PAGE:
(And isn’t the name “Nibbler” just a little too similar to another interesting N-word?)

    http://en.wikipedia.org/wiki/Nibbler_(Futurama)

  • merryfairy123

    what a terrible add

  • voice of reason from a black artist

    to all of the folks who are boo-hooing and bashing on this image: i think your all a bunch of lackluster, dim witted, nescient fucking idiots for not realizing what an amazing piece of art this photo is. it’s beautiful. the history behind blackface is what’s ugly and the fact that you can’t get beyond that makes me sick, but that’s a large part in what makes this photo such an incredible piece of art along with the fact that the model is actually black… these things are what makes it that much more of a thought provoking piece. the completely blank look on her face? could it be anything else? perfect! the more i read through everyone’s uneducated comments, the more i realize how uncultured all of you actually are, and it amazes me even more how you’re spouting off all this self-righteous drivel while you’re up on the soap-box beating the culture bible and patting yourselves on the back for being so cultured. wtf?!?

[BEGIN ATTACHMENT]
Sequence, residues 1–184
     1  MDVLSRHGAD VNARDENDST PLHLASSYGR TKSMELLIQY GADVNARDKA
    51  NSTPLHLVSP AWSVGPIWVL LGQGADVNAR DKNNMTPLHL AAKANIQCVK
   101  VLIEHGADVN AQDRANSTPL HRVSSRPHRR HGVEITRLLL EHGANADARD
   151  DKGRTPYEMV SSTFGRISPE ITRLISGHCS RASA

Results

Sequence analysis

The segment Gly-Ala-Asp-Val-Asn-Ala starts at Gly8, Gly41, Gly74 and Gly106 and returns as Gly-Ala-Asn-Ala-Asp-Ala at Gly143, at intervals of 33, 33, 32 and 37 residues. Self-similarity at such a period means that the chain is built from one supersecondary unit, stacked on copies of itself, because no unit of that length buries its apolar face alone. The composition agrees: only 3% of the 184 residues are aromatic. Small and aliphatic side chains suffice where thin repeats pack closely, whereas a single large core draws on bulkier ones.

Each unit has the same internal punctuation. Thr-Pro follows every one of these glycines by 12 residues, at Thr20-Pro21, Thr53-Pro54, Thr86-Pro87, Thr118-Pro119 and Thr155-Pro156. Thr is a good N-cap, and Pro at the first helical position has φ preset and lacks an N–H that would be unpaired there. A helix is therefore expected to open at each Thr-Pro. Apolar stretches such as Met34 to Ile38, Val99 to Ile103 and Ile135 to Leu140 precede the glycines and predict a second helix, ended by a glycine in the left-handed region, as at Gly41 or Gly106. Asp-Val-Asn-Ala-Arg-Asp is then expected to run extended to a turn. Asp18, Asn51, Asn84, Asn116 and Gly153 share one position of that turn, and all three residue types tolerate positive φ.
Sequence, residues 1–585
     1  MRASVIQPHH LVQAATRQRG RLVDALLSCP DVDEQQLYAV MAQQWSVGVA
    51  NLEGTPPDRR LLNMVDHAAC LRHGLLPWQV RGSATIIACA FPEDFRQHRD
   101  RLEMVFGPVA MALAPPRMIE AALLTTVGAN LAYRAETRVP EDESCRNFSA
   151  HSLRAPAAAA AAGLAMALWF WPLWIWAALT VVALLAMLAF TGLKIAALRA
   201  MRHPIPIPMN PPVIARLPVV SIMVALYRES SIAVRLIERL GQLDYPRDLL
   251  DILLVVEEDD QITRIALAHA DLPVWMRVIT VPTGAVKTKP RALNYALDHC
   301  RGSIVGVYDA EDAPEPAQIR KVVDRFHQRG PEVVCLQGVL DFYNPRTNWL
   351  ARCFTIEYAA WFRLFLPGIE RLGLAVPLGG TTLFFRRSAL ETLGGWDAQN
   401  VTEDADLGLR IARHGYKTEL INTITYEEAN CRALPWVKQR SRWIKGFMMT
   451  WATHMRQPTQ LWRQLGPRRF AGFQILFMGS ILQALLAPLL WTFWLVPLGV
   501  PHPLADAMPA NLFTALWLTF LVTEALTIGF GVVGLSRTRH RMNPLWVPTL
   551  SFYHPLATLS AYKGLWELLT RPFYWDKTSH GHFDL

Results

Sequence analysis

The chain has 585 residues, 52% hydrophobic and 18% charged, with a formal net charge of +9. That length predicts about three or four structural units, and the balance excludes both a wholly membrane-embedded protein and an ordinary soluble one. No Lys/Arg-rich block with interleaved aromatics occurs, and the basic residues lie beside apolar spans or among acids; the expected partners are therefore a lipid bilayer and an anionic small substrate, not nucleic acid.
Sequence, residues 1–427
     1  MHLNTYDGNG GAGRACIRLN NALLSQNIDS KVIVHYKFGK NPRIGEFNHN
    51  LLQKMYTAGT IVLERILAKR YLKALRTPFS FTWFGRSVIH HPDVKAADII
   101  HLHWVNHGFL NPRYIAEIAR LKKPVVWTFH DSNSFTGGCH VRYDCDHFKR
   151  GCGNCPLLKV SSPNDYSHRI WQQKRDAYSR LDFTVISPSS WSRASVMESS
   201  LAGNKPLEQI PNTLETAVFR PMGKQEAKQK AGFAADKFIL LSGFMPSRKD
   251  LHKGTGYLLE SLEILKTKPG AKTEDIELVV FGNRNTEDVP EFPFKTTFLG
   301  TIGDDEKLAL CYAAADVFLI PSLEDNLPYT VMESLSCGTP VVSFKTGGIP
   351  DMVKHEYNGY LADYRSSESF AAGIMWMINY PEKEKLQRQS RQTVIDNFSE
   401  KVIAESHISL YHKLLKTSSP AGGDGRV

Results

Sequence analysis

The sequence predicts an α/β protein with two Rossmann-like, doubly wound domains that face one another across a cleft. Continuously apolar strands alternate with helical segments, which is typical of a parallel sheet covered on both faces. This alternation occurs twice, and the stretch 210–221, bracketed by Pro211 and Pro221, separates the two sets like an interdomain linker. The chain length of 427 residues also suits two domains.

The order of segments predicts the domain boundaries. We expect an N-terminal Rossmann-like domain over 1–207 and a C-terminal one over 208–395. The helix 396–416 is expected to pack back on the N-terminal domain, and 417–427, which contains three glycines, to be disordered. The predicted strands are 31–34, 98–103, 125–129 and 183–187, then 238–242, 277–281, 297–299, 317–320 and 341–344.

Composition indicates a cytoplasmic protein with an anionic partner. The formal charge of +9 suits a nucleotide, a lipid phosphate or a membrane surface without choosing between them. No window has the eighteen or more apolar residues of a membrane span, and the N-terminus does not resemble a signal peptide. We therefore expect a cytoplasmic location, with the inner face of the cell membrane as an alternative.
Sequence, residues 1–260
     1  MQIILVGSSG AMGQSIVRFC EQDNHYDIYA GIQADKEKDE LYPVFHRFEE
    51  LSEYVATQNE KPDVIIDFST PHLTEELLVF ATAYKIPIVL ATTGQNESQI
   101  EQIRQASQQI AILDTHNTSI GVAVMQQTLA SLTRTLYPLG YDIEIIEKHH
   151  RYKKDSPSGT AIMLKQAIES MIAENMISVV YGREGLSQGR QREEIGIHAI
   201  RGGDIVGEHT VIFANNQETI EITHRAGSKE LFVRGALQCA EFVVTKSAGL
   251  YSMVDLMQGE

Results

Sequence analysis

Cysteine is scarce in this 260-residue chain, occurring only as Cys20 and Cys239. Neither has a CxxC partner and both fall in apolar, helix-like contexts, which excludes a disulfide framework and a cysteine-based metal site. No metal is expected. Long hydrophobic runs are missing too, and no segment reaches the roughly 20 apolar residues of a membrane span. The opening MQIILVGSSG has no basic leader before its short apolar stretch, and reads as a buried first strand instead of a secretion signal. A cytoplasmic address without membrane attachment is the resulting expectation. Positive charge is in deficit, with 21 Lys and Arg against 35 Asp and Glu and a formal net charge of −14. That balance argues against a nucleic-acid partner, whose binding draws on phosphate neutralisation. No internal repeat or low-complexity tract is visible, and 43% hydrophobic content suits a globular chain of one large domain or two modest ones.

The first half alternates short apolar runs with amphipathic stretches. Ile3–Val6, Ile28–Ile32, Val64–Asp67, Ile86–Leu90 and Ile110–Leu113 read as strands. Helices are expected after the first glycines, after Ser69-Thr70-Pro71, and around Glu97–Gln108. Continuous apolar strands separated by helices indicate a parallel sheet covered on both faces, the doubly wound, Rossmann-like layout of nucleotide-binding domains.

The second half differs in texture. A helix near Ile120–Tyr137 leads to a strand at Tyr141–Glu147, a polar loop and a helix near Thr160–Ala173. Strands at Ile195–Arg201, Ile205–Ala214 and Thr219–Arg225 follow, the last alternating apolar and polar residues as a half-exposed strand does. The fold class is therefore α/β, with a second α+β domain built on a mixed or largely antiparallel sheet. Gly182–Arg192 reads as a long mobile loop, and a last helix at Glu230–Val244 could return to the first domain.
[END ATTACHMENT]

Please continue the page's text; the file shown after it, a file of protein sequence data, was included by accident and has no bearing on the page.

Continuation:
this photo is art. who gives a damn if it was comissioned by some piece of shit douchebag who runs a clothing company. sure, bash on that dirtball all you want, but not on the photo. enjoy your shitty un-challenging rockwells and go censor the rest of fucking america why don’t you? i’m so sick of this pc-nazi bullshit. the fact that you consider this image racist is LAUGHABLE (that’s right LAUGHABLE in caps). you’re worse than the damn republicans. fuck, you probably are the republicans. you should all be ashamed of yourselves. edgy? this photo is tame compared to most of the shit happening out there right now. do the artistic world a favor and don’t ever show up at a museum or a gallery opening… ever. please stick to your watercolor class and bob ross videos.